Linux Media Center Computer or Digital Photo Frame Viewer using old laptop
Recently I got an old laptop.. sorry, pretty old – 10 years old – DELL C400. But it has some decent hardware like 1.2GHz / 1GB RAM / 40GB HDD with Windows XP preinstalled. It’s Wi-Fi doesn’t support WPA authentication, so obviously I can’t plug into my home network without compromising security of other systems. So thought of converting this cute little machine to a decent Media Center Computer which can behave as a digital photo frame viewer also. The basic objective is to play some videos, music playing, photo viewing and weather report.
Infrared Remote controller is the only additional hardware required. Remote control makes media experience more smooth. So I used my MediaGate GP-IR02BK Remote Control, 2 Channel IR for this purpose. It is a USB based remote control. The only USB port in the laptop powers its Infrared Receiver.
For weather report it needs to be connected to internet always through its ethernet connection (since it’s Wi-Fi does not support decent security authentication like WPA). The hard disk had free space of 16GB. Low processor speed, always online requirement, less hard disk space and pretty wide choice of media center applications made me to choose Linux as OS for this system. I wanted to customize the OS to the bare minimum level of installation for better performance. So the obvious choice is GNU/Debian. Since Freevo is the engine behind many linux media centers I selected this as safe choice for media center application. lirc provided infrared remote control support. This is the software stack behind this media center computer.
Step 1: Installing the GNU/Debian Operating System
GNU/Debian is my favourite Linux distribution, which is powered by the most easier, powerful and flexible software package management system. I downloaded the stable Lenny – network install ISO image from here. The most important issued I faced to start with installation is lack of CDROM drive and USB pen drive boot capability of this laptop. So, I thought of network PXE boot installation option which I had not tried so far. The following two links helped me to install the base Debian from my Ubuntu 10.04 (Beta) laptop through PXE boot option in laptop.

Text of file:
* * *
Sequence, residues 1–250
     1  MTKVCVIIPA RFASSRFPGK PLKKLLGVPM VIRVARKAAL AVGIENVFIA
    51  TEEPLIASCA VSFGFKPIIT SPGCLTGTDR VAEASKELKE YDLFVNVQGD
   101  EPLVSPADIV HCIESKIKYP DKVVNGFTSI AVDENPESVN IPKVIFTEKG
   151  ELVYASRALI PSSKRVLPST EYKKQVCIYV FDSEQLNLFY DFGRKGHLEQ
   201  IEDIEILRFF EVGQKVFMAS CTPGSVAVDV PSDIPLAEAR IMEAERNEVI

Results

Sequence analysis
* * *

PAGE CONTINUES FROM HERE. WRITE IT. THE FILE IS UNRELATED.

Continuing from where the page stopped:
The base installation does not install X Windows. So the following command will do it.
# apt-get install xserver-xorg
The another important package is ALSA installation – it is Linux Sound support – go ahead with the following command.
# apt-get install alsa-utils alsa-tools
Next one is network connectivity to copy the media files from your laptop or workstation. So install the samba (SMB/CIFS network file server) as shown below.
# apt-get install samba
Then you need another powerful and useful tool, called SSH server to configure and control your machine from remote machine. This is necessary since you won’t have easier access to our media center keyboard once we pass the step-4.
# apt-get install ssh
Last but not least, the codecs necessary to play any media files we throw – just follow the below command.
# apt-get install gstreamer0.10-*
Update: Since Freevo uses mplayer as backend by default, which does not use gstreamer codecs. But I need these codecs when some of the media formats which does not work on mplayer, can utilize these codecs with other media players. No harm in installing it.
I want to connect my media center with my old TV. I have a PC to TV converter which sits in between VGA port of this laptop and TV. I installed just xrand package. It automatically detected my external TV. The beauty is whenever I play video files, the laptop display became blank and TV output was enabled. When I play other media like Pictures and Audio, both TV and Laptop screen enabled. I did not do any configuration